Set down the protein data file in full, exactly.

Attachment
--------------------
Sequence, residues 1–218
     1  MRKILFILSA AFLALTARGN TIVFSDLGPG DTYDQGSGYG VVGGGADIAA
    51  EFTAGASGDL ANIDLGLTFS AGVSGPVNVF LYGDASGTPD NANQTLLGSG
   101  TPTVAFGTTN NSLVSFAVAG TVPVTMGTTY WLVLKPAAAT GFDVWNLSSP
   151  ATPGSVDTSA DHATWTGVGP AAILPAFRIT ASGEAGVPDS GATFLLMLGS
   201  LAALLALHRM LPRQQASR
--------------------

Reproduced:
Sequence, residues 1–218
     1  MRKILFILSA AFLALTARGN TIVFSDLGPG DTYDQGSGYG VVGGGADIAA
    51  EFTAGASGDL ANIDLGLTFS AGVSGPVNVF LYGDASGTPD NANQTLLGSG
   101  TPTVAFGTTN NSLVSFAVAG TVPVTMGTTY WLVLKPAAAT GFDVWNLSSP
   151  ATPGSVDTSA DHATWTGVGP AAILPAFRIT ASGEAGVPDS GATFLLMLGS
   201  LAALLALHRM LPRQQASR